Not that I have any plans to choose the hospital as a destination vacation spot, but if I did, I would be four times as likely to have a recurrence of a clostridium difficile infection (c. diff).
That’s assuming that I get it while in the hospital, as that is where it most often occurs. So, why am I more likely? Because I don’t have an appendix.
Researchers found that patients without an appendix were more likely to develop a recurrence 48% of the time vs 11% for those with an appendix. This underlines once again, how we underestimated its value.
For years, surgeons have not given a second thought to removing a healthy appendix, deeming it useless. It happened to me. During my first surgery for endometriosis, they took my perfectly healthy appendix. Did I consent to this?
No – I just did not read the fine print on the medical release form. It said I was giving them permission to remove anything they deemed “necessary” and unfortunately for me, that meant my appendix was toast.
Was this reckless on their part. Yes, but ignorance is not an excuse. It should’ve been logical that since the appendix was there, it must have a purpose. Nature seldom makes mistakes.
So, it makes me even more angry, many years later, when I read what researchers have now learned, especially knowing what I know about the benefits of gut health.
According to Lorne G. Martin, professor at Oklahoma State, this is what the appendix does:
- It’s involved primarily with immune system function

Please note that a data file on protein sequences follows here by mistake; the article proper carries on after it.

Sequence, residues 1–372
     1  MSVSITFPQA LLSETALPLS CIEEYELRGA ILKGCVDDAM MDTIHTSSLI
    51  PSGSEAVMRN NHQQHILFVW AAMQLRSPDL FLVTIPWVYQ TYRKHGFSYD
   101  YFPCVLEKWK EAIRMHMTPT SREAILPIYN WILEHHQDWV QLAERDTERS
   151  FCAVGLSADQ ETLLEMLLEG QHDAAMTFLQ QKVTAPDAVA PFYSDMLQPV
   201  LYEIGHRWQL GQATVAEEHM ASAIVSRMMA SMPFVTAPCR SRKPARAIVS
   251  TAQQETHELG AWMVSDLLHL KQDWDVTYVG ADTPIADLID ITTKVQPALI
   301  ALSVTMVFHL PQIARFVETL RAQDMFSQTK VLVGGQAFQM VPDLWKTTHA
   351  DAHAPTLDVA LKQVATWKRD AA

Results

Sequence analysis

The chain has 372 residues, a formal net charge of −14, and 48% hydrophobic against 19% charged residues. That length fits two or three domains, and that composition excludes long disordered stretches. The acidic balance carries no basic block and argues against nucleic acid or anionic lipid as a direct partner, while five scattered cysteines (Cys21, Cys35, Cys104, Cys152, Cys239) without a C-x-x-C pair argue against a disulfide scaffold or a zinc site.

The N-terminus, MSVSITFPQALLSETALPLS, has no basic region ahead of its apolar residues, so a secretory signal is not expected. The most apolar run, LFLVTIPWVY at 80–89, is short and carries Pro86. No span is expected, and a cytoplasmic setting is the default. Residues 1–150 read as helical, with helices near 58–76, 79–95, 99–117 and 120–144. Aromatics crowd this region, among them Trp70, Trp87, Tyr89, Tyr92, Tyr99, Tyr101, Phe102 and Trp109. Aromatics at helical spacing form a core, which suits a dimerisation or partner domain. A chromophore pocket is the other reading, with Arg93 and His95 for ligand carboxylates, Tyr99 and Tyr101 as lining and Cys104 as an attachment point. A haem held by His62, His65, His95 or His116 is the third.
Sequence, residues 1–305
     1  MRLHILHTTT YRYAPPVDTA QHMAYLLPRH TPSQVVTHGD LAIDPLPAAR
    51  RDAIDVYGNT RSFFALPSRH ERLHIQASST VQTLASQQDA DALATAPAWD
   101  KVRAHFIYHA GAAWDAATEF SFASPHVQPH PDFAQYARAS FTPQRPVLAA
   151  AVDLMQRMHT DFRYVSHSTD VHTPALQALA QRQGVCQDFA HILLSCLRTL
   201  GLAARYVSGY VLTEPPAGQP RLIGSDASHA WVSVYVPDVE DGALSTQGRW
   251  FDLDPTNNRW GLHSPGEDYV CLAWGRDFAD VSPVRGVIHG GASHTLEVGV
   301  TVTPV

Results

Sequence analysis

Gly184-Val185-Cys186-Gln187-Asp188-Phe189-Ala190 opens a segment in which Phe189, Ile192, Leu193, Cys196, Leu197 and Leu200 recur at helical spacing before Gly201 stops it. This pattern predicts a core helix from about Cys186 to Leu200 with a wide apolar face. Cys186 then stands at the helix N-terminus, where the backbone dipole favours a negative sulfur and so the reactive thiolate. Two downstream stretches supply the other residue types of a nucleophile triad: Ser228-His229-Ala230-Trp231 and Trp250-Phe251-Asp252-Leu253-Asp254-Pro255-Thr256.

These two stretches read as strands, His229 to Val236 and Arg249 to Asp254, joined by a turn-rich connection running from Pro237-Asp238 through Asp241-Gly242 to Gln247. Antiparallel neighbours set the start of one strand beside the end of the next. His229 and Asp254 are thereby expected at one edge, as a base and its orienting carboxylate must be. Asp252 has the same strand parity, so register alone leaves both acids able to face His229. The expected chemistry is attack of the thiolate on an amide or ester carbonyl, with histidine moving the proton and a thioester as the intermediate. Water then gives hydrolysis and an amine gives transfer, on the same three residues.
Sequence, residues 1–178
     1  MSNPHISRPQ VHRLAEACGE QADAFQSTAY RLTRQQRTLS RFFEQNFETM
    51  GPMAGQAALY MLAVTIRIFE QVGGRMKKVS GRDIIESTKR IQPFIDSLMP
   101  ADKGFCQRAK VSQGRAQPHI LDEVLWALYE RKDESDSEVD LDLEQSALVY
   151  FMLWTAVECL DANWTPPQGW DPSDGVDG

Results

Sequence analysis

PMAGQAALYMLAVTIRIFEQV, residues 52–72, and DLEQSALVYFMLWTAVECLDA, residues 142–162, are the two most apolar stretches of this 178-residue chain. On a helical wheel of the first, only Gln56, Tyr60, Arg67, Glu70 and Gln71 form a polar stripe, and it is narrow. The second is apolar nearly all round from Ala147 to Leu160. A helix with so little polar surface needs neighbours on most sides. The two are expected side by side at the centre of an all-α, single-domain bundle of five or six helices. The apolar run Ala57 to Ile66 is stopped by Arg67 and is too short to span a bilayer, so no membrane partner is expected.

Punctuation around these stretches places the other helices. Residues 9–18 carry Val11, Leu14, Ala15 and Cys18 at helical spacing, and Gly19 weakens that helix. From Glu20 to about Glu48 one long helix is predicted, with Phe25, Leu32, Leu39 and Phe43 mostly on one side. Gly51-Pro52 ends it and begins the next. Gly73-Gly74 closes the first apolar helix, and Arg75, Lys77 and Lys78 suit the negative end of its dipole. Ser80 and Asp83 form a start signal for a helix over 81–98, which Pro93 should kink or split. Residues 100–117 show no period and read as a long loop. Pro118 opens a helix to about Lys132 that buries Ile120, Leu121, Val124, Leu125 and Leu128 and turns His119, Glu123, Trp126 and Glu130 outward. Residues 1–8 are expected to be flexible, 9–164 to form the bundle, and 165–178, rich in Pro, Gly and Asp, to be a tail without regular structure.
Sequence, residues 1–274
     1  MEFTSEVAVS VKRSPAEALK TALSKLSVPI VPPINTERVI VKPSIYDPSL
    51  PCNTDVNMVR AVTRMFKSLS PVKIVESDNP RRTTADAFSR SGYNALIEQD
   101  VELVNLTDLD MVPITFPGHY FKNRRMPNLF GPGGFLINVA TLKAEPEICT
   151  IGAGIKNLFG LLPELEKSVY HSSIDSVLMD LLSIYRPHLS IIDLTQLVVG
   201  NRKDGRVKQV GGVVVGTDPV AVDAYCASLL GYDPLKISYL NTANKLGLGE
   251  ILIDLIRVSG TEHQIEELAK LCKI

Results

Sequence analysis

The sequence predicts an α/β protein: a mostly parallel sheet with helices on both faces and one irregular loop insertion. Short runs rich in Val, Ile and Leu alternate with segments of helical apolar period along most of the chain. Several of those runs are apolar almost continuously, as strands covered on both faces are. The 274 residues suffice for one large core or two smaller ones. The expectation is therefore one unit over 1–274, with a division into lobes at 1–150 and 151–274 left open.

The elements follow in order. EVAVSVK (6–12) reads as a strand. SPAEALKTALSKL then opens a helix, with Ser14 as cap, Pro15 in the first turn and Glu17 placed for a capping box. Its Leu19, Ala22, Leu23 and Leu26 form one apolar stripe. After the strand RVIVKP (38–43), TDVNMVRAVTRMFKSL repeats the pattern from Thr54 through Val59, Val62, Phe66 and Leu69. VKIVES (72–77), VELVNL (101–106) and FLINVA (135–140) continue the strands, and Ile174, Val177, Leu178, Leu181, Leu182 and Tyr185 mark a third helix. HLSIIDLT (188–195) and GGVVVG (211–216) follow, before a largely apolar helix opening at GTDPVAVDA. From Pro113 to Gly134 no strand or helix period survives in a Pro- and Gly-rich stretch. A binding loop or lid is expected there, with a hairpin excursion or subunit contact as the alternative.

- Assists with the maturation of B lymphocytes (a type of white blood cell) and the production of immunoglobulin A (IgA) antibodies.”
- Helps produce molecules that can direct the lymphocytes to various locations in the body
- Suppresses potentially negative humoral antibody response, seen with allergy and autoimmune conditions.
- And interestingly, its tissue can be used as a back-up for reconstructive surgery for organs such as the bladder.
- But the biggest and most important function: Good bacteria acts as a storage facility, allowing good bacteria to reproduce and be available to re-populate the colon if needed. This might occur, for example, in the case of diarrhea where too much beneficial bacteria are flushed out during an infection.
This may explain why someone without an appendix has issues getting rid of C. Diff. and preventing it from recurring.
More importantly, it stresses that we should never assume medical professionals know all there is to know. Let’s face it, they can’t know what has not been discovered.
I am glad I understand how to protect my gut health, since I have no appendix. And if you are in the same position, learn what you can to protect yourself.
And if you find yourself, in the hospital about to have surgery, read the fine print on the medical release form. Don’t be afraid to speak up. Fight for your appendix.
The Appendix May Protect Against Clostridium Difficile Recurrence, Gene Y. Im et al, Clinical December 2011, Volume 9, Issue 12, Pages 1072–1077, Clinical Gastroenterology and Hepatology